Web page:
First, some of the most difficult questions have simple answers.
Second, you can’t find a treatment if you do not know where to look.
Third, cancer is a disease of altered metabolism and Metformin is a metabolic drug.
Fourth, patients do not have luxury of time.
They cannot try one drug after another hoping for a good response. Finally, our capacity to test virtually any drug or combination enables us to find drugs in the test tube, no “patient experimentation” needed.
With the broad array of drugs and combinations that we can evaluate simultaneously in the laboratory we can test hypotheses and act upon them thereby saving patients weeks, months even years of trial and error.
Our hypothesis that a metabolic therapy might work was clearly borne out as our delightful young Monique approaches her 4th year in remission.
Why Metformin is a Test Candidate
Why would we even test this drug?
It is because Metformin and the related biguanides are members of a growing number of metabolic agents. They do not damage DNA, stop mitosis or target genes.
Instead, they trap cancer cells in their most vulnerable state, one of energy dependence. Metformin, after all, is a drug that influences glucose metabolism. For diabetic patients, it lowers their blood sugar but for a cancer cell it undermines their ability to make and use energy.
This case represents a sea change in our thinking about cancer and Monique's case is the subject of a peer-reviewed, published paper (Efficacy of oral metformin in a patient with metastatic adrenocortical carcinoma: Examination of mechanisms and therapeutic implications. RD Peixoto, LM Gomes, TT Sousa, DJ Racy, M Shigenaga and RA Nagourney. Rare Tumors Volume 10: 1–7, 2018)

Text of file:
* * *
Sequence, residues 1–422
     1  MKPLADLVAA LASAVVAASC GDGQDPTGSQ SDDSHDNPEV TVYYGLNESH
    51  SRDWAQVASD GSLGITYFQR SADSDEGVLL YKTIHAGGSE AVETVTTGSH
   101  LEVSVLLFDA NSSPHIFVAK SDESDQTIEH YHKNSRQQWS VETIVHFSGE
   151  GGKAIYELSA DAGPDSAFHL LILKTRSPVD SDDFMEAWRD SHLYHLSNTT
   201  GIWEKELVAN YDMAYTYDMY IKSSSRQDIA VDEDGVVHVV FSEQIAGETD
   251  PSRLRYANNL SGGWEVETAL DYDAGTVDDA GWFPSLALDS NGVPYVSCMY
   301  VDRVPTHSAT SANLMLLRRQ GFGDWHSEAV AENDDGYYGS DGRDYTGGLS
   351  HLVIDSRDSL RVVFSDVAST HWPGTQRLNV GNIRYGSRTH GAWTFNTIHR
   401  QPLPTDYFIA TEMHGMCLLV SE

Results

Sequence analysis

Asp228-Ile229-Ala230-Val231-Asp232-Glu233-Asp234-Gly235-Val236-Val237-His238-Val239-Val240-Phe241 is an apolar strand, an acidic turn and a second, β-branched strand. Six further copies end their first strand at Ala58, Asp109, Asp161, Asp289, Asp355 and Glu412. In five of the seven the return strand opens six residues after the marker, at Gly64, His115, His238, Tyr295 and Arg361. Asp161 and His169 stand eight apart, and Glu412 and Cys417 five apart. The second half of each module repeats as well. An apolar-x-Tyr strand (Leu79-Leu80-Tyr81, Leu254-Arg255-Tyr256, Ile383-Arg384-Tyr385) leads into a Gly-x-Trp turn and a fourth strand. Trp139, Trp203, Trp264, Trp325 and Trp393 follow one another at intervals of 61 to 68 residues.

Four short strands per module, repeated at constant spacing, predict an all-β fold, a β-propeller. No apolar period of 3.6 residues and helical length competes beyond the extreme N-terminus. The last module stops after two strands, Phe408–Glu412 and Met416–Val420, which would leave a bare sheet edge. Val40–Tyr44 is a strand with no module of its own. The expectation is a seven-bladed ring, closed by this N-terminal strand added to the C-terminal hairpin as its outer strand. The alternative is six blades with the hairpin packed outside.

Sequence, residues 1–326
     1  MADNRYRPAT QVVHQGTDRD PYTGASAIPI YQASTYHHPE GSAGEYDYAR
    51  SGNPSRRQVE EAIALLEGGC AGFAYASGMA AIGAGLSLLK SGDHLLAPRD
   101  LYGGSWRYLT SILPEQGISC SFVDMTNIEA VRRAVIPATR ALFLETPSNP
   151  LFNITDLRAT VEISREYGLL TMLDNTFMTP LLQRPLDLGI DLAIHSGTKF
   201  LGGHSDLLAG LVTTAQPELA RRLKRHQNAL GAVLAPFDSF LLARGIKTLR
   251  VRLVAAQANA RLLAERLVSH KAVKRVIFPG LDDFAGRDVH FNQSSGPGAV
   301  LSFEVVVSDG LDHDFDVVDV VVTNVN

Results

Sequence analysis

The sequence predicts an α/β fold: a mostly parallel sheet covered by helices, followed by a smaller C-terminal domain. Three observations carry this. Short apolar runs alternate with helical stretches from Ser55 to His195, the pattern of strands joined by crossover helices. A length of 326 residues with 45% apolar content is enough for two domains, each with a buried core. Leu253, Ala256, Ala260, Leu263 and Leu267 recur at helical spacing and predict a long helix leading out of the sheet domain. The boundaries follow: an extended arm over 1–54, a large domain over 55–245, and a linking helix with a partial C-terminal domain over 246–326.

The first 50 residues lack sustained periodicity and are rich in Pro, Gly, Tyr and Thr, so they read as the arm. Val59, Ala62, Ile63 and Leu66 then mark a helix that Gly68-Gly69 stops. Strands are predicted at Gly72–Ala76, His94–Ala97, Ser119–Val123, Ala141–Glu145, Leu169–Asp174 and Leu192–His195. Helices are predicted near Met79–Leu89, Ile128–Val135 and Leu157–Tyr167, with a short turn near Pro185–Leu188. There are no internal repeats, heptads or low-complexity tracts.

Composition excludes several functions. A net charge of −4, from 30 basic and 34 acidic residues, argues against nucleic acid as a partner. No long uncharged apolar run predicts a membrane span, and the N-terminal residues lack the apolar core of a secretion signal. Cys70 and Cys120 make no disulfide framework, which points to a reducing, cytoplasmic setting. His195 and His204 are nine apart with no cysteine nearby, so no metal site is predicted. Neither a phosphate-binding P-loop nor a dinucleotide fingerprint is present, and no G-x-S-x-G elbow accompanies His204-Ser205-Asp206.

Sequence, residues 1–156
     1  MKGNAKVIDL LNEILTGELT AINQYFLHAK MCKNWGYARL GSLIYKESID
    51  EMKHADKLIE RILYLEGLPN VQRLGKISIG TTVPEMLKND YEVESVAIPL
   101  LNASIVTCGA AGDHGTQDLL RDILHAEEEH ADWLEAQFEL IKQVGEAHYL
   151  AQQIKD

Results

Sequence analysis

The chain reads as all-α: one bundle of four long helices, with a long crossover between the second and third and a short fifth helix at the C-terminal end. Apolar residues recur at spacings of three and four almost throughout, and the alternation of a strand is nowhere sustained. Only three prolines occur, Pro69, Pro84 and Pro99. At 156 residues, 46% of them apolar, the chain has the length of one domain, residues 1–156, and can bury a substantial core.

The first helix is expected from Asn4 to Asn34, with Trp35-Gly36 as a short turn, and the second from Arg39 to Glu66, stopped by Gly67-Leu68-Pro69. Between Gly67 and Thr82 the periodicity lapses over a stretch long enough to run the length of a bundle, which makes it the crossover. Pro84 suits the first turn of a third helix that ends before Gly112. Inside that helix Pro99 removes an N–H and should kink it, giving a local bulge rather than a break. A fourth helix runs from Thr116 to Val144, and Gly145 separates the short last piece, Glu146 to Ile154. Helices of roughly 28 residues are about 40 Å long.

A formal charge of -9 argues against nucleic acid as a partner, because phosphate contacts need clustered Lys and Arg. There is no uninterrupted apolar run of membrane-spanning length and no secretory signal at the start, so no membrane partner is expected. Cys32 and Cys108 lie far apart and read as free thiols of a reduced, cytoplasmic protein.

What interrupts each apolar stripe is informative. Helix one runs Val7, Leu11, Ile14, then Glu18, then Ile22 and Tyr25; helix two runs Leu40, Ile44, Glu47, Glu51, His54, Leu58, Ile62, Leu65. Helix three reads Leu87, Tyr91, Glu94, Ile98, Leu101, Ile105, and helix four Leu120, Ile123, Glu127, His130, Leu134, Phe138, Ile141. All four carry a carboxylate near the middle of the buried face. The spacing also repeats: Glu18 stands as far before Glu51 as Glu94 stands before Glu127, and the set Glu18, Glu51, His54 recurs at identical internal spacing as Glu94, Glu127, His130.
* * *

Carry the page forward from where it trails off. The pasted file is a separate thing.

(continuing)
Although Metformin is clearly not the right drug for every patient, it was certainly the right drug for this patient.
We compiled a larger series that was reported at the 2018 American Society of Clinical Oncology (ASCO) meeting held in Chicago, June of 2018.
The Future is Studying Cellular Metabolism
Using this approach, the future of cancer medicine will be brighter, as entirely new classes of drugs that inhibit cellular metabolism rather than poisoning cell growth come to the fore.
As we move beyond genomics and the contemporary academic community’s fixation on DNA we can now refocus our efforts on biochemistry and metabolism.
This will enable us to forge the next generation of cancer therapies capable of treating this disease without the toxicities and hazards of contemporary drugs and targeted agents.
These areas of investigation had their beginnings almost a century ago when researchers like Otto Warburg first recognized that cancer cells make and use energy differently.
As I said in my TEDx Talk several years ago, “The future of cancer research lies behind us” and that future is metabolic.
As always, I appreciate your thoughts and comments.
NOTE: On Dec 2, 2018 CBS Los Angeles aired a 3 minute TV segment on Monique's story. Click here to see the video.
Dr. Robert Nagourney, has been internationally recognized as a pioneer in cancer research and personalized cancer treatment for over 20 years. He is a TEDx speaker, author of the book Outliving Cancer, a practicing oncologist and triple board certified in Internal Medicine, Medical Oncology and Hematology helping cancer patients from around the world at his Nagourney Cancer Institute in Long Beach, California. For more info go to NagourneyCancerInstitute.com